For those of us who study the emotional centers of the
brain, though, the real game is in decoding why there is a growing fascination
with a decidedly primitive pastime: Winning requires speed, guts and
bone-crushing power.
In general, spectator sports get their emotional appeal from
a very basic human drive’the need to shape an identity that lets us belong to
one group, while differentiating us from others. (Like when we threw rocks at
rival tribes thousands of years ago.) But because we’re civilized now and can’t
engage in that kind of bloodthirsty bonding, sports provide a very interesting
and emotionally useful release. They allow us to explore and engage with those
primal areas of identity that we may be unable to express in the real
world. 
In the case of football, it’s a very particular mode of
vicarious identification: The ritualized conflict of the game provides an
outlet for our personal desires to be aggressive and emerge triumphant. It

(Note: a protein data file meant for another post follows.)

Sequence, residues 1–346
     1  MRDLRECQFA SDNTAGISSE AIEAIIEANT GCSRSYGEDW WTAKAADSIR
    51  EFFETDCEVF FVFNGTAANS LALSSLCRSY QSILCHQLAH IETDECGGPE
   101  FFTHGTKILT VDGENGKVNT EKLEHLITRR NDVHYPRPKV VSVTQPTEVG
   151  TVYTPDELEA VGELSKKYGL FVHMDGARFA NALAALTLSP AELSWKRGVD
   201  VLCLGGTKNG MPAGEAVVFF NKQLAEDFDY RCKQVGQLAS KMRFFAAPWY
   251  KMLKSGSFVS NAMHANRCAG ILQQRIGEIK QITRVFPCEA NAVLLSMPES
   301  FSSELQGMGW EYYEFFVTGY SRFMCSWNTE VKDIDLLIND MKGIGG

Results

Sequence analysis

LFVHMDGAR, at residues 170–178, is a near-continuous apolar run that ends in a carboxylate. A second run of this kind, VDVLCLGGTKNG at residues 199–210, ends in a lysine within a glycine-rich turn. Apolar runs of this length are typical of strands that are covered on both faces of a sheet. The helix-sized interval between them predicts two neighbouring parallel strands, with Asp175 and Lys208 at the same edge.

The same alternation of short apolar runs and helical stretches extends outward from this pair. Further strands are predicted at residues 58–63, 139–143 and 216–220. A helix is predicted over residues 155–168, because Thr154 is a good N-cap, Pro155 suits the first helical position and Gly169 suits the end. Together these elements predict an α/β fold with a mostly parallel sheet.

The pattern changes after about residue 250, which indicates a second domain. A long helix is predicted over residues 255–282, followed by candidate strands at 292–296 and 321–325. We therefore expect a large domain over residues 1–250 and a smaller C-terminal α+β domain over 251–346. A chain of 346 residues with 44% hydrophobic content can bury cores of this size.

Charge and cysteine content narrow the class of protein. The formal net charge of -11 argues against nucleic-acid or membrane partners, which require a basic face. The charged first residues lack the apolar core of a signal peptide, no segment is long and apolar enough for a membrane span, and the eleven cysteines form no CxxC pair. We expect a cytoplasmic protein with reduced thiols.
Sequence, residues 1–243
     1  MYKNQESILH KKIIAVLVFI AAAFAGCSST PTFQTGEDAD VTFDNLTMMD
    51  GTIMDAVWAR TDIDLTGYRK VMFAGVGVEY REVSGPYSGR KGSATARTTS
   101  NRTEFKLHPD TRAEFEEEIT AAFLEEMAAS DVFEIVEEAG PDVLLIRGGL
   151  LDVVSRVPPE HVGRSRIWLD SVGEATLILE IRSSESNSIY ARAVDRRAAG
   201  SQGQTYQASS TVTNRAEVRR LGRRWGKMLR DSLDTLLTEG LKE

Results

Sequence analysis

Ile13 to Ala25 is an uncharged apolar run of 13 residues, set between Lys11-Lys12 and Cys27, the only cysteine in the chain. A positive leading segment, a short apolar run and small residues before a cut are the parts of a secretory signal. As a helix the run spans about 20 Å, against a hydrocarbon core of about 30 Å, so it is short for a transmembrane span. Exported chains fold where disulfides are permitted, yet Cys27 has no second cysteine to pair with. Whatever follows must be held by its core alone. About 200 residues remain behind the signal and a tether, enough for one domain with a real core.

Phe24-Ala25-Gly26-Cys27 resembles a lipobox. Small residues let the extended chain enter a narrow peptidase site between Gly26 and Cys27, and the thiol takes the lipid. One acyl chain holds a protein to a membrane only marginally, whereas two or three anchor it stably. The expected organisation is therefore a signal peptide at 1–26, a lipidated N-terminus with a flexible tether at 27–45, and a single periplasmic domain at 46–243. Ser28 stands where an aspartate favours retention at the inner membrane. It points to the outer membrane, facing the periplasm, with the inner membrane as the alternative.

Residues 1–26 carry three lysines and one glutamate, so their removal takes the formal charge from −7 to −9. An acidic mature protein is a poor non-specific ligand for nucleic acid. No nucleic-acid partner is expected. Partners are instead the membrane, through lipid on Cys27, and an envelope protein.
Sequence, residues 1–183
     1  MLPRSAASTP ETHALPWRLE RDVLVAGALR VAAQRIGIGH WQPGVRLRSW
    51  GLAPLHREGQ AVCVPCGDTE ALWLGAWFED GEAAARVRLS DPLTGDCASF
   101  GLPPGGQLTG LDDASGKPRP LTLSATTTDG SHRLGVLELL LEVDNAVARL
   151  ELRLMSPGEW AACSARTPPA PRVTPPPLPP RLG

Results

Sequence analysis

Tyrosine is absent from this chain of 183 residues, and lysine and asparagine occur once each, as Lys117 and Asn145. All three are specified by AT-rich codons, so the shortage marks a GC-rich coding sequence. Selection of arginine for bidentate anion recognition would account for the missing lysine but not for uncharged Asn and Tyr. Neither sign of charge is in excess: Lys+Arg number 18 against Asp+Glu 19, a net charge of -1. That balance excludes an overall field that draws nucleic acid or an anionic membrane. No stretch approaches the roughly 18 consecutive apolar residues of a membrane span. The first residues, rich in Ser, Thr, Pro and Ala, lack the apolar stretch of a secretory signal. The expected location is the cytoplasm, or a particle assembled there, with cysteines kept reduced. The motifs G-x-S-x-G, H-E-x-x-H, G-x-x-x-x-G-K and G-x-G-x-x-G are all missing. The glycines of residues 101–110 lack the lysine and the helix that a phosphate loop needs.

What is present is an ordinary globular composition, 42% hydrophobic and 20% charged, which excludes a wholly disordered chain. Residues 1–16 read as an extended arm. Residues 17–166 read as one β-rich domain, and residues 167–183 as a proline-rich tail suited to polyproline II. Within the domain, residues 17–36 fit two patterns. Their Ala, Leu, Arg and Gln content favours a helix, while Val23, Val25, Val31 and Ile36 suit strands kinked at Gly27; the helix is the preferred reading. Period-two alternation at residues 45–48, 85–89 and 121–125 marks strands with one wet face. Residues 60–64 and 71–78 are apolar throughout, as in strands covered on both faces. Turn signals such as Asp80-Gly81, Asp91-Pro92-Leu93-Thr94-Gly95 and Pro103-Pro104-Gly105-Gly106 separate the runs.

provides as well an important outlet for sublimating all of the slights and
injuries we suffer in the real world, but can’t do anything about directly. We
may not be allowed to knock irritating coworkers to the ground. But our beloved
Giants (or Vikings, Broncos or Bears) can.
Of course, all sports are ritualized conflict, to a degree.
But because football is more full-throatedly physical, it’s more emotionally
visceral. (My apologies to those who have been body slammed in basketball
games.)  In fact, football is probably
the closest thing we have to a modern day form of the gladiatorial contest ‘
the popular (so we hear) spectator sport for our ancestors.
Affiliation with the local team of football warriors is so
powerful for some people that it spills out beyond weekend games. They express
their feelings of belonging through bumper stickers, tattoos, team jerseys, and
house flags (I keep waiting to see motorcycle helmets.)